Credit Suisse Lay Offs Add to Pessimism

As evidenced by the 13% decline in the Amrita Life Settlement Index’s February results, the life settlement industry still maintains a precarious posture. While a number of life settlement industry insiders have gone on record saying there will be a recovery in 2010, most agree it isn’t here yet. We’ve seen the industry recently shudder with the news of Goldman Sachs’ departure from life settlements.

Last month Credit Suisse added to the pessimism when it announced the lay off of seven employees and the reassignment of another 10 people from its Life Finance Group in New York. While the elimination of 17 jobs from an enormous multinational financial institution may not seem significant, reverberations will certainly be felt in the industry. Many outsiders do not realize that life settlement operations are very small compared with others in the financial services’ sector. Most life settlement providers and life settlement brokers operate with just a handful of people on staff. Credit Suisse as a major player in the life settlement industry reported on its website that its life finance department had over 90 employees. An almost 19% downsizing of that department, on the heels of Goldman Sachs’ exit, has certainly made some nervous about the secondary life insurance market.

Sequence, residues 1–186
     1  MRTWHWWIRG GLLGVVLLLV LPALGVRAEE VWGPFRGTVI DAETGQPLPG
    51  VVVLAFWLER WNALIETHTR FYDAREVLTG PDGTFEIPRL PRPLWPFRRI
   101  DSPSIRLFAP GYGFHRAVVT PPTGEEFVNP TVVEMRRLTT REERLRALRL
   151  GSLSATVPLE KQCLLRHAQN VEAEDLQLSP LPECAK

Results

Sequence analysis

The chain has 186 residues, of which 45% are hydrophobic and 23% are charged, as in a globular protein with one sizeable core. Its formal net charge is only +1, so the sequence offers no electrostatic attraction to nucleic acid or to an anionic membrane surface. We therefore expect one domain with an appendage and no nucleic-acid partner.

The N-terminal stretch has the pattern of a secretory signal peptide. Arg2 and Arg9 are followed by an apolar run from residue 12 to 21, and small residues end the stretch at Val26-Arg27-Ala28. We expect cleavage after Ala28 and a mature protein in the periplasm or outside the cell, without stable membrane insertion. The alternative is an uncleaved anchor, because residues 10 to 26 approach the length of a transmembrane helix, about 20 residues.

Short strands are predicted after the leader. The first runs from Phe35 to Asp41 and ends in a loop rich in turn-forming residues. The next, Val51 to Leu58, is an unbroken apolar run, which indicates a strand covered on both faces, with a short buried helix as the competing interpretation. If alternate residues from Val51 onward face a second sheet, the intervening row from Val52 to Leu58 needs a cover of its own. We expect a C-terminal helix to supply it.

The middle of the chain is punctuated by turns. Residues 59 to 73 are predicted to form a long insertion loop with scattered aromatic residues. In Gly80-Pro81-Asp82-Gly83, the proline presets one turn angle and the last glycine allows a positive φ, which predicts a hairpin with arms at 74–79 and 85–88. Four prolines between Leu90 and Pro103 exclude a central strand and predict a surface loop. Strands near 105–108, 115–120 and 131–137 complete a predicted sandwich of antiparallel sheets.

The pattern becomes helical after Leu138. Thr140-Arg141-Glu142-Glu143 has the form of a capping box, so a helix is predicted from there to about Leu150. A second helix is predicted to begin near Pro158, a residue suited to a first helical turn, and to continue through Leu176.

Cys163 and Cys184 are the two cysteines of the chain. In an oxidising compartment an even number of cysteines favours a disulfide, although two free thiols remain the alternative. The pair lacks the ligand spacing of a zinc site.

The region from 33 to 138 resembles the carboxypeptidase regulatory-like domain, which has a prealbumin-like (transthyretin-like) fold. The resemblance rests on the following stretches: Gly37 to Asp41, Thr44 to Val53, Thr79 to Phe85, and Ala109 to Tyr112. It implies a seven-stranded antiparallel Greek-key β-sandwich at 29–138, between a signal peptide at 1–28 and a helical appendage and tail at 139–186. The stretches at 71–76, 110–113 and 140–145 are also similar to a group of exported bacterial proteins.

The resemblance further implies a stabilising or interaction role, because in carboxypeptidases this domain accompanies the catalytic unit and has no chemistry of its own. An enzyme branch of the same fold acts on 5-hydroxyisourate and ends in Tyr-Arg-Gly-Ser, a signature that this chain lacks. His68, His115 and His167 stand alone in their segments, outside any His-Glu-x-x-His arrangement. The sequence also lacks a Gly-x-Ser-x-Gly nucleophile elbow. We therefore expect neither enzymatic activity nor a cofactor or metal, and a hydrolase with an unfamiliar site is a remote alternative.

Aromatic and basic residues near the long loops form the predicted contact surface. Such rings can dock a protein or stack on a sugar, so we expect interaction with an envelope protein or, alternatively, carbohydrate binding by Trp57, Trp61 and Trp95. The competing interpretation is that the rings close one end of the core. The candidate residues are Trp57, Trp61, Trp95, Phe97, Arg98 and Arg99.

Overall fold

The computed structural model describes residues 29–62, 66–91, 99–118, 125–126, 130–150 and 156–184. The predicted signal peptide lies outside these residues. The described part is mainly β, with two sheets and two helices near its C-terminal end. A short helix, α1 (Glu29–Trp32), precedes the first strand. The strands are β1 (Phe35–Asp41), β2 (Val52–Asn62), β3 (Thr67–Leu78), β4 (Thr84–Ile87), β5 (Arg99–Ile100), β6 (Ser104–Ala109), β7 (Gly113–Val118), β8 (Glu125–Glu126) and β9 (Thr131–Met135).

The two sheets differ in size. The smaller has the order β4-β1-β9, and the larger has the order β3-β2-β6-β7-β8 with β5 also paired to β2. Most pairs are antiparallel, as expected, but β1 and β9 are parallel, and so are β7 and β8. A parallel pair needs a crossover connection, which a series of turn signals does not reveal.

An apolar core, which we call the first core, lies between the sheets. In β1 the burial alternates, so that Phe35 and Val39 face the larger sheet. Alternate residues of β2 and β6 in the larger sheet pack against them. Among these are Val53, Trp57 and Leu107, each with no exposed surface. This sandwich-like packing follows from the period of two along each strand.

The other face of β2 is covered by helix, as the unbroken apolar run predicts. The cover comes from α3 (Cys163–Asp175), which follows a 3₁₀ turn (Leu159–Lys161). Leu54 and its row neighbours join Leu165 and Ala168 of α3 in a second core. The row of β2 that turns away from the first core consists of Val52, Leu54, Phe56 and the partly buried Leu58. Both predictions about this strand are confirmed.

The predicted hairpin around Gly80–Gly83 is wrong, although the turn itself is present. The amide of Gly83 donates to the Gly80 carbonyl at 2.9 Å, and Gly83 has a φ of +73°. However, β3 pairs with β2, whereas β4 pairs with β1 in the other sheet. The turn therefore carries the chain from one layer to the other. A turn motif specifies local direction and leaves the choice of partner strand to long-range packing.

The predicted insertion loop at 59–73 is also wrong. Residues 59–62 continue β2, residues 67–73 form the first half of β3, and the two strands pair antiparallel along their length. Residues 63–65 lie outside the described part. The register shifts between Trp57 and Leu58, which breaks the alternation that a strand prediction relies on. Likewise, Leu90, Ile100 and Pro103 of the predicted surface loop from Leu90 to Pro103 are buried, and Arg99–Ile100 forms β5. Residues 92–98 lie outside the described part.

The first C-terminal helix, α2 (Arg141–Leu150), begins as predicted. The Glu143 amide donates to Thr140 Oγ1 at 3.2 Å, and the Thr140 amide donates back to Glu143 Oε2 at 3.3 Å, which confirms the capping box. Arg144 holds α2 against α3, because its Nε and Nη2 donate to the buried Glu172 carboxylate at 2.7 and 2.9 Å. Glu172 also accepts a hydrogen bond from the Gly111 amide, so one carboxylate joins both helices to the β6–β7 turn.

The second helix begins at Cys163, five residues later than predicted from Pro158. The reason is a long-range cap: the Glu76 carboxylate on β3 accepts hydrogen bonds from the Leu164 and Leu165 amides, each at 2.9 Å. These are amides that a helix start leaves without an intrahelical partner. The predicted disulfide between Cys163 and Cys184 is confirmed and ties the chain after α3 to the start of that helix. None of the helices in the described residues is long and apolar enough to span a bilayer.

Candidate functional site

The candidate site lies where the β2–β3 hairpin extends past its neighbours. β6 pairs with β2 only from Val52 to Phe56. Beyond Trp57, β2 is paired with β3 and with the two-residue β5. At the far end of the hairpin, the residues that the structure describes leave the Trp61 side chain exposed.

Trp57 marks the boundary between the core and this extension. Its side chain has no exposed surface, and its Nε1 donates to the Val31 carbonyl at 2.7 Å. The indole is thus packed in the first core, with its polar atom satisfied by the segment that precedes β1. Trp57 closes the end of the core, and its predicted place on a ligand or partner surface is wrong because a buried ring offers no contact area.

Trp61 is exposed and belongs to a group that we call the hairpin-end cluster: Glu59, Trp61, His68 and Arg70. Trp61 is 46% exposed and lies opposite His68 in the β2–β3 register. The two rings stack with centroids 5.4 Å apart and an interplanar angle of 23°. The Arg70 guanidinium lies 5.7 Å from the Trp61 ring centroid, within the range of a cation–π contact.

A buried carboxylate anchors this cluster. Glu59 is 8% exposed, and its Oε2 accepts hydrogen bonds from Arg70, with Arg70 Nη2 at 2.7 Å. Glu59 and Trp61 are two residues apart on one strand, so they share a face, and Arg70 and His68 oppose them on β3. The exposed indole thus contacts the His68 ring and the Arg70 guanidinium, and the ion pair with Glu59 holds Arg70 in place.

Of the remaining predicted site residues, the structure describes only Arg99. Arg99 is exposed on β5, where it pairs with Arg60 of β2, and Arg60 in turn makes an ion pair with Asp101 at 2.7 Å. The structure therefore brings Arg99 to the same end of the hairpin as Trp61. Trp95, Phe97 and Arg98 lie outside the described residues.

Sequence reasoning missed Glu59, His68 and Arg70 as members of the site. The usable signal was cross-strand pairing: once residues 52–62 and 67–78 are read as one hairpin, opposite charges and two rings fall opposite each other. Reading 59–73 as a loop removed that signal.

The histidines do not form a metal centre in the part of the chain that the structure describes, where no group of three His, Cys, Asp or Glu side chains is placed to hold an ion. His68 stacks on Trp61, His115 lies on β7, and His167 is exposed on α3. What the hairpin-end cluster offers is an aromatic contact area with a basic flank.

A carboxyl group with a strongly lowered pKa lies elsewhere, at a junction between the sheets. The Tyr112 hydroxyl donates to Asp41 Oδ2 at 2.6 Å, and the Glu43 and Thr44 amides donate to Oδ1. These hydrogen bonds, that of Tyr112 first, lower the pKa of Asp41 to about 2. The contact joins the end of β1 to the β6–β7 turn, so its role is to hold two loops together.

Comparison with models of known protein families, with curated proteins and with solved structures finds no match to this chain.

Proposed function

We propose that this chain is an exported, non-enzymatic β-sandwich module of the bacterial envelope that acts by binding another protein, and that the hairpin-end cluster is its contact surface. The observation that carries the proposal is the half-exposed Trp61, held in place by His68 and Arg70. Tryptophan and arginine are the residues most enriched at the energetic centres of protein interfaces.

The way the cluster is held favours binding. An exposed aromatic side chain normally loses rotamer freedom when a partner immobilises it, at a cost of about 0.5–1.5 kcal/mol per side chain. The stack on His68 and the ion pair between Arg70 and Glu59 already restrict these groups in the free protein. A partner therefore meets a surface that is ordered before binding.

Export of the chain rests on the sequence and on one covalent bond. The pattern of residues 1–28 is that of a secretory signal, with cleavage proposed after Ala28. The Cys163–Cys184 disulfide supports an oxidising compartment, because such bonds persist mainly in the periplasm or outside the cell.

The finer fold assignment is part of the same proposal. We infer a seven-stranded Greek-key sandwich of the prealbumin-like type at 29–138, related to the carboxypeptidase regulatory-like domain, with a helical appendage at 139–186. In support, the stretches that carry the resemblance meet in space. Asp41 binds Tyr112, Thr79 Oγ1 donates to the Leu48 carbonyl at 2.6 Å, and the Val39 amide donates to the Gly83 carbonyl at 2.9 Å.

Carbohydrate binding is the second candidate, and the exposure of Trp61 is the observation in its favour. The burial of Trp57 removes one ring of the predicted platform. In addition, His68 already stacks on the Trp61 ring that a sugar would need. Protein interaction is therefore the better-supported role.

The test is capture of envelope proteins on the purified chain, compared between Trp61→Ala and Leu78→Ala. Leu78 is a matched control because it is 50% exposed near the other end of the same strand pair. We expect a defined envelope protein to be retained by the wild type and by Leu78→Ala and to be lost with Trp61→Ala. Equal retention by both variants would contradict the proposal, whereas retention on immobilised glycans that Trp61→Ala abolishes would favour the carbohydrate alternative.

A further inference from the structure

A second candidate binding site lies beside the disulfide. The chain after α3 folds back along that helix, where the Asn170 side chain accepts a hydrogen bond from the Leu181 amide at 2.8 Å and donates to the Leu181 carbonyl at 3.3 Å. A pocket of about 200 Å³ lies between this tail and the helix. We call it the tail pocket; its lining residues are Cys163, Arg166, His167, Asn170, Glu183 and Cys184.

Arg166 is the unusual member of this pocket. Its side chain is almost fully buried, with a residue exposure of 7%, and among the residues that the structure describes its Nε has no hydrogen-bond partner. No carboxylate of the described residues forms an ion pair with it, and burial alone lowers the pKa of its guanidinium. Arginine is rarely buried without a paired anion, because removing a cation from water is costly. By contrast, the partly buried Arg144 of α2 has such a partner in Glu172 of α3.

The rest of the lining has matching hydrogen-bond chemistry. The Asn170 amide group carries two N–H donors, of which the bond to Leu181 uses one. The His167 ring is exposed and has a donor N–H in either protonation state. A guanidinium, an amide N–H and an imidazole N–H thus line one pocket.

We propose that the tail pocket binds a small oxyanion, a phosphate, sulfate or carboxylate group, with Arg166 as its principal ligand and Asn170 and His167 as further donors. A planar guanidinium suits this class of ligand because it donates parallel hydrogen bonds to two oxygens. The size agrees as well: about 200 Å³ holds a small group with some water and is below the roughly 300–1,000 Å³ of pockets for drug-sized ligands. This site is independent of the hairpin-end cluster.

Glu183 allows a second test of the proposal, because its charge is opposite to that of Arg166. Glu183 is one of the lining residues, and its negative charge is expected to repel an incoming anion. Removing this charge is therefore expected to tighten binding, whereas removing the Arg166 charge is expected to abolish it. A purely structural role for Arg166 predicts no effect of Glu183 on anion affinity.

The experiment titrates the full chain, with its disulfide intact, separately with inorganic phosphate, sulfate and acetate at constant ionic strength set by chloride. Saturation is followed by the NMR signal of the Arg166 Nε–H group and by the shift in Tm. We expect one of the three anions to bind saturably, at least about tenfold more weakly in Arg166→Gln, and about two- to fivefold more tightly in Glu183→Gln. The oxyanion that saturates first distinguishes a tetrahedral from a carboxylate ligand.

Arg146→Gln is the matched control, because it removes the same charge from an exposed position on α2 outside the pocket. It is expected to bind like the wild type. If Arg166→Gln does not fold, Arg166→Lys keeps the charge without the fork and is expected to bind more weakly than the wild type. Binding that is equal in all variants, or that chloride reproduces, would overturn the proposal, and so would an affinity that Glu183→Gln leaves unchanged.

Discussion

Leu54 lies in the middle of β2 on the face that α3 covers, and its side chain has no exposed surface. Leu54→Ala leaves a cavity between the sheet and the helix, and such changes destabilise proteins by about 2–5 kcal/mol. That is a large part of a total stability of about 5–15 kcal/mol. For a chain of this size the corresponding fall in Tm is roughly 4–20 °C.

Even with investment banks playing a smaller role, all is not lost with the life settlement industry however. A recent trade mission to Europe attracted much interest from new European investors and institutions. Trade mission committee chairman, Brian Casey also expressed some optimism. The Life Settlement Source reported Mr. Casey who is a partner at Locke Lord Bissell & Liddell and one of the leading legal experts in the life settlement industry, as saying “Pension funds, are trying to “crack the nut” with some interest from state and labor union pension funds. And a couple of private equity firms have expressed an interest to receive basic information about the life settlement market”.

While some new participants are poised to enter the secondary life insurance market, their impact may not be felt immediately. Purchasing life settlement investments requires more robust operational requirements and intense due diligence beyond buying other asset classes. So the recovery may well be on the horizon, but the new players are just now dipping their toes in the water.

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